"I definitely got the 'fear no one' part down," Donovan says, deadpan. "Our whole team—we had this brash, youthful stupidity."
When the U-17 team played D.C. United, the reigning MLS champion, Donovan got into the faces of some of the pros. That inspired United coach Bruce Arena to call him a punk, a description he does not regret even as he coaches Donovan 12 years later. "He's an amazing person who has matured so much," Arena says. "But yes, he was a punk."
Donovan pleads guilty. "I was obnoxious," he says. "I wish I knew then what I know now. But I guess everyone feels that way as they get older."
At 17 Donovan went to play professionally for Bayer Leverkusen in Germany, a hard experience for everyone involved. His mother was opposed to the move, but Donovan pleaded with her. He signed a four-year, $400,000 deal—"all the money in the world to a 17-year-old," Tristan says—and left for his own apartment, his own life.
He was not ready, not close. Donovan was extremely lonely—he and Tristan would have long, emotional conversations on the phone. And on the field, his creative, high-risk game did not fit at all in the strict, conservative, relentless world of German football. Donovan would get booed when he turned over the ball, something that had never happened to him before. He was soon on the bench, another new experience.
"They just had no use for my style of soccer—not at that age, not from a kid who hadn't proven anything," Donovan says. "Thing is, that was the only way I knew how to play. I was never taught to keep my mouth shut. I was never taught to just work hard and wait my time. It's not like I wasn't trying. I was trying. I just didn't know."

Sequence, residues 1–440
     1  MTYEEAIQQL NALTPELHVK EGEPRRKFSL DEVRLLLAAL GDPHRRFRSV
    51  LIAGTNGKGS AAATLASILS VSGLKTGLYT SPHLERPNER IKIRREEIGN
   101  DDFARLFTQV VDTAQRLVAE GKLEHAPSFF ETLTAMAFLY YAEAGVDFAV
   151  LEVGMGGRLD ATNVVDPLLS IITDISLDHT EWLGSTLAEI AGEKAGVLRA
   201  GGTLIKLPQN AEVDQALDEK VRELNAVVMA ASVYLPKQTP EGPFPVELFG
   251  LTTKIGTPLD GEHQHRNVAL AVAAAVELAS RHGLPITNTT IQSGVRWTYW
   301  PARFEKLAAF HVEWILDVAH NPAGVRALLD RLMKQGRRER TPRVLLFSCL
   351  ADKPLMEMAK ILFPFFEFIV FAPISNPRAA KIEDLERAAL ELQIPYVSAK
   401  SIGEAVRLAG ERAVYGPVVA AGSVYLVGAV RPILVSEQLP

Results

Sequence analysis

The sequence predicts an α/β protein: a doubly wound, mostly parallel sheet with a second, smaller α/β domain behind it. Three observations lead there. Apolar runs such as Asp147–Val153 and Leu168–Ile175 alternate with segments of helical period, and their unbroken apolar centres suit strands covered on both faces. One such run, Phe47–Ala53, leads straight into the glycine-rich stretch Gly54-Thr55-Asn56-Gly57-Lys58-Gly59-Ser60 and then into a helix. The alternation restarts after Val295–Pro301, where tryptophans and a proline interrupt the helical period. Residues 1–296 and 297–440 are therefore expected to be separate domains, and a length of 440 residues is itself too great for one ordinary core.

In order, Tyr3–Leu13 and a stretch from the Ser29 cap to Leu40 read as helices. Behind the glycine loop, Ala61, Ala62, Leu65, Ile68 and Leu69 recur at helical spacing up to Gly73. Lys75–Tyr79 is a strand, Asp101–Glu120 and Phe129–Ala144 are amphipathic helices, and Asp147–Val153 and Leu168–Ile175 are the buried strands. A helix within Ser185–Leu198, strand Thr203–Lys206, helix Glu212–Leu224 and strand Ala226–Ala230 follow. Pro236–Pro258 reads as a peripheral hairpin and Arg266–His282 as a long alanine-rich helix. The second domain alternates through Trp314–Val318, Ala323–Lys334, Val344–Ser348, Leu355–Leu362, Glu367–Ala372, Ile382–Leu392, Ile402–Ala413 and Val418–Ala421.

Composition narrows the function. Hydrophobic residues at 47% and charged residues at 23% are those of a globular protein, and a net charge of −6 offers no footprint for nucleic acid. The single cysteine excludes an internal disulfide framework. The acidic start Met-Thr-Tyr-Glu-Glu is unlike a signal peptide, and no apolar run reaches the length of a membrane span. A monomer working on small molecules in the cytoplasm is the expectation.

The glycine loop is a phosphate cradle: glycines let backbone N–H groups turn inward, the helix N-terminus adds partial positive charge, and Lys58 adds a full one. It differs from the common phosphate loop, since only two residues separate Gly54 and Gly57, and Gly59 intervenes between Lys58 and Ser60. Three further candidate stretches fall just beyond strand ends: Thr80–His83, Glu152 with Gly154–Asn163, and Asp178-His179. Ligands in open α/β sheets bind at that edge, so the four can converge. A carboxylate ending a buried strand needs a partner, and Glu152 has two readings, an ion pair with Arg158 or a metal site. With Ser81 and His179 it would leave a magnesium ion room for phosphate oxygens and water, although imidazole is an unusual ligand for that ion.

He felt cheated. Here he was, the wunderkind of American soccer, and the Germans just could not see it. Donovan proved the point to himself by winning the Golden Boot as most valuable player of the 1999 U-17 World Cup in New Zealand, a tournament with such precocious talents as Ghana's Michael Essien, Spain's Mikel Arteta, Brazil's Adriano and Germany's Thomas Hitzlsperger.
"As great as that was, it was probably a bad thing," he says. "I went back to Germany and said, 'Look, I was the best player at the tournament; I should definitely get a chance.' And they said—not unreasonably, I should add—'Well, you haven't done anything here.' "
He continued to do amazing things for the U.S. At the Sydney Olympics coach Clive Charles was reluctant to unleash him (drawing, among other things, a couple of angry Internet postings from Donovan's father, Tim), but when he did, Donovan scored a goal and led the U.S. to the semifinals. But Germany was no more satisfying when he returned. He had been dropped to Leverkusen's third-division squad in the spring of 2000, and later that year he was sent to the fourth division. In frustration he challenged a referee and drew a six-game suspension. Donovan pleaded with his agent, Motzkin, to work out a way to leave Germany and come home. "I talked to him every day," Motzkin says. "He was frustrated." Eventually Motzkin negotiated a loan to MLS's San Jose Earthquakes that would last the better part of three seasons.
Donovan simply did not know how to handle the frustration of Germany. He developed a reputation—one that would stick with him for a long time—as soft, a malingerer, a player who would follow great games with bad ones, someone who melted under the heat of adversity. "I was just a little kid who thought he was better than he was," Donovan says. "And it got so bad that I was on the verge of saying, 'I quit.' "